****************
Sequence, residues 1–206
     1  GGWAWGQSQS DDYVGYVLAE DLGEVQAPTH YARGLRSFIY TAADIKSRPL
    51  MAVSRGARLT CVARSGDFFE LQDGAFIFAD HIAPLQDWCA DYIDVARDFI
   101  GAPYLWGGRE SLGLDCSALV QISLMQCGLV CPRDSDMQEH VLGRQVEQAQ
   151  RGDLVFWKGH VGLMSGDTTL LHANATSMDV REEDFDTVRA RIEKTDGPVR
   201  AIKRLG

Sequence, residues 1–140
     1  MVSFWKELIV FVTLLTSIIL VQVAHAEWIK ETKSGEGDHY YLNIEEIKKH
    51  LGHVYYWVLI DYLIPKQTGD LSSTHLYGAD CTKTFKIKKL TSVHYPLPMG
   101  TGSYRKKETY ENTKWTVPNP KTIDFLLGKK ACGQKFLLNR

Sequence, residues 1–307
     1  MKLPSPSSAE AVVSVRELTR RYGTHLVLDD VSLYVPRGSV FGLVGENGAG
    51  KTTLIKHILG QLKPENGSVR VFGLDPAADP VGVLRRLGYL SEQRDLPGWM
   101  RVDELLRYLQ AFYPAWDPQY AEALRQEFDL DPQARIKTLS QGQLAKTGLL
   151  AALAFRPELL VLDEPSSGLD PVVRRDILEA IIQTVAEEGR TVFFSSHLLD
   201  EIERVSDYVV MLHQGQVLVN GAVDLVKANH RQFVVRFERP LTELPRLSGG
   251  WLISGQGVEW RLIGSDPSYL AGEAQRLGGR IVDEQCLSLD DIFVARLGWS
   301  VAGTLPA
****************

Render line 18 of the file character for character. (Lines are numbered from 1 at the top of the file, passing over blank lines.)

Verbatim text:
   301  VAGTLPA